The Latest: Lam says she has no plans to resign over unrest

Protesters with protective gear take a train to the anti-extradition bill protest destination, in Hong Kong on Sunday, Aug. 4, 2019. Demonstrators in Hong Kong moved en masse to a luxury shopping district Sunday evening after riot police used tear gas to clear out an area they were previously occupying, as the 2-month-old protest movement showed no signs of easing. (AP Photo/Kin Cheung)

Hong Kong leader Carrie Lam says she has no plans to resign over the civil unrest targeting her administration

HONG KONG — The Latest on the protests in Hong Kong (all times local):

11 a.m.

Hong Kong leader Carrie Lam says she has no plans to resign over the civil unrest targeting her administration.

Lam said she took responsibility for problems as chief executive and was determined to see the situation resolved.

She spoke at a news conference Monday as protesters blocked morning trains and called for a citywide strike. More than 100 flights were canceled.

Lam said the latest protests had moved from extradition legislation, which her administration had shelved, and now were operating with "ulterior motives" targeting Hong Kong's prosperity and security.

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10:30 a.m.

Hong Kong leader Carrie Lam says recent protests have pushed the city to the "verge of a very dangerous situation" but the government will be resolute in ensuring public order.

A tired looking Lam delivered the remarks at a news conference Monday morning that follows weeks of daily marches and demonstrations that have frequently devolved into violent confrontations, with police deploying tear gas rubber bullets and other crowd control measures.

Lam said the violence and disruptions were creating anxiety among citizens and now was the time to set aside differences and "rally together."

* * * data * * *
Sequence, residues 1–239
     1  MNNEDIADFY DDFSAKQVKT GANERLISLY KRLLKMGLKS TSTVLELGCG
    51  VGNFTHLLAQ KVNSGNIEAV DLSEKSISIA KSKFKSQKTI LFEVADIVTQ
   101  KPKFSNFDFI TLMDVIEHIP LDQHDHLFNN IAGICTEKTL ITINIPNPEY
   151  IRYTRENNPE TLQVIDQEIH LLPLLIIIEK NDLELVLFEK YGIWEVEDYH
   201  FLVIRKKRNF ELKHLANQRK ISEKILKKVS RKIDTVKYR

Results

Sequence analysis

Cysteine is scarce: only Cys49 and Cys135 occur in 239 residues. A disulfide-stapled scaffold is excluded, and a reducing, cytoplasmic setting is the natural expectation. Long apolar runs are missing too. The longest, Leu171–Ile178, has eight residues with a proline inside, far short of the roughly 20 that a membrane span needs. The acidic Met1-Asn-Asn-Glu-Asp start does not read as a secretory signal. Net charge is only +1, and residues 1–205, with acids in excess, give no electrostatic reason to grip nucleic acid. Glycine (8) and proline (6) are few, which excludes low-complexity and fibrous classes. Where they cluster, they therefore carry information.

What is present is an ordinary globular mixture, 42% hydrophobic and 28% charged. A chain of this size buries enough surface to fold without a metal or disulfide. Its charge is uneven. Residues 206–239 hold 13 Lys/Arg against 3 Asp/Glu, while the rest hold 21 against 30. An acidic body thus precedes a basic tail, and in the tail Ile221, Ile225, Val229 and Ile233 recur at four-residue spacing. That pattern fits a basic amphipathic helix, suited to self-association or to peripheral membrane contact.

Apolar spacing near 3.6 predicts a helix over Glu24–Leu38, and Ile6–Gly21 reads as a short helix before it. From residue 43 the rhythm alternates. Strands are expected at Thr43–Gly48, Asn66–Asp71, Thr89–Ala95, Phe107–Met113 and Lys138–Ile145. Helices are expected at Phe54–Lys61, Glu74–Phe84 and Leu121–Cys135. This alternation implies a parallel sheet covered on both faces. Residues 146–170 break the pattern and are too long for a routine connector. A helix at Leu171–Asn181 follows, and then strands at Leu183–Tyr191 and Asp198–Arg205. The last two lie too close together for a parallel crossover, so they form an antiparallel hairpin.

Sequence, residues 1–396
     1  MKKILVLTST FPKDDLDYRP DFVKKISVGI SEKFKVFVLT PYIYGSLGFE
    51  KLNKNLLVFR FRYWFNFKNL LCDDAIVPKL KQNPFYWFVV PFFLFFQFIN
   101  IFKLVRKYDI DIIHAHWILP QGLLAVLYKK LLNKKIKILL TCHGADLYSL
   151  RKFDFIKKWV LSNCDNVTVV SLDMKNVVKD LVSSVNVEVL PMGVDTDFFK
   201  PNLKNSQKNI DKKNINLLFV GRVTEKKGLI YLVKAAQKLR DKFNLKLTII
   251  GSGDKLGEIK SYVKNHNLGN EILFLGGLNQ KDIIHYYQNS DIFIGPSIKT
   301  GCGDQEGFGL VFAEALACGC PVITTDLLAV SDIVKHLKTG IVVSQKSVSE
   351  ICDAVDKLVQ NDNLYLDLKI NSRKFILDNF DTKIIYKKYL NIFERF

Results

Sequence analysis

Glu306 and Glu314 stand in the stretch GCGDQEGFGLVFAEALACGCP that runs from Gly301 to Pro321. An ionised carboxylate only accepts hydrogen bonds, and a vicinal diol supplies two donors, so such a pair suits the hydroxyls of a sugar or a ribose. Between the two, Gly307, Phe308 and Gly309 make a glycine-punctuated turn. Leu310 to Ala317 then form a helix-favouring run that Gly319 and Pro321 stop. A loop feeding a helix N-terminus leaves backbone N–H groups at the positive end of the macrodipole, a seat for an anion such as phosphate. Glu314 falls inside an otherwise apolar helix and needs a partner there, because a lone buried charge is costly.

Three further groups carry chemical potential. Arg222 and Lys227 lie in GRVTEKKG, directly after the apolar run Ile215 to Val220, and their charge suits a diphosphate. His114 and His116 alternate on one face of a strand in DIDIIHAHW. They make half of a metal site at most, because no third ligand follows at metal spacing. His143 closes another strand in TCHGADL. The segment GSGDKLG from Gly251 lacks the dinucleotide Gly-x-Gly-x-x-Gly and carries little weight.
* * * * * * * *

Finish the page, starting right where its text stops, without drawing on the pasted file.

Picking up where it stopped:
Protesters were blocking trains during the morning rush hour and called for a citywide strike by workers. More than 100 flights were cancelled at the city's airport, and Hong Kong media say that the airport express train service has been suspended.

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9:45 a.m.

Hong Kong's leader will speak to the media as protesters block morning trains and call for a citywide strike by workers.

The office of Chief Executive Carrie Lam said she would hold a news conference at 10 a.m. Monday.

The strike has already taken hold at the airport, where 100 flights have been cancelled. Hong Kong media say that the airport express train service has been suspended.

Protesters used a now-familiar tactic of blocking train doors from closing to disrupt the morning commute.

The actions follow a weekend of clashes between protesters and police. The protesters are demanding the dissolution of the legislature, an investigation into police use of force at protests and full democracy for the semi-autonomous Chinese territory.

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9:30 a.m.

Hong Kong media say more than 100 flights have been cancelled at the city's airport as a general strike called to support pro-democracy protests gets underway.

Public broadcaster RTHK said Monday that domestic carriers such as Cathay Pacific and Hong Kong Airlines were the most affected.

A citywide strike and demonstrations in seven districts in Hong Kong have been called for Monday afternoon. They follow a weekend of clashes with police on the streets.

Hong Kong has seen protests all summer. A movement against an extradition bill that would have allowed residents to be sent to mainland China to stand trial has expanded into demands for an investigation into alleged police abuse at protests and the dissolution of the legislature.

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9: 10 a.m.

Protesters in Hong Kong have snarled the morning rush hour by blocking train and platform doors to prevent trains from leaving stations.

Subway and train operator MTR said Monday that service had been partially suspended on four lines because of a number of door obstruction incidents.

It's the third time in three weeks that protesters have disrupted train service. The action followed a weekend of clashes with police on the streets and ahead of a general strike and more demonstrations called for Monday afternoon.

Hong Kong has seen protests all summer. A movement against an extradition bill that would have allowed residents to be sent to mainland China to stand trial has expanded into demands for an investigation into alleged police abuse at protests and the dissolution of the legislature.

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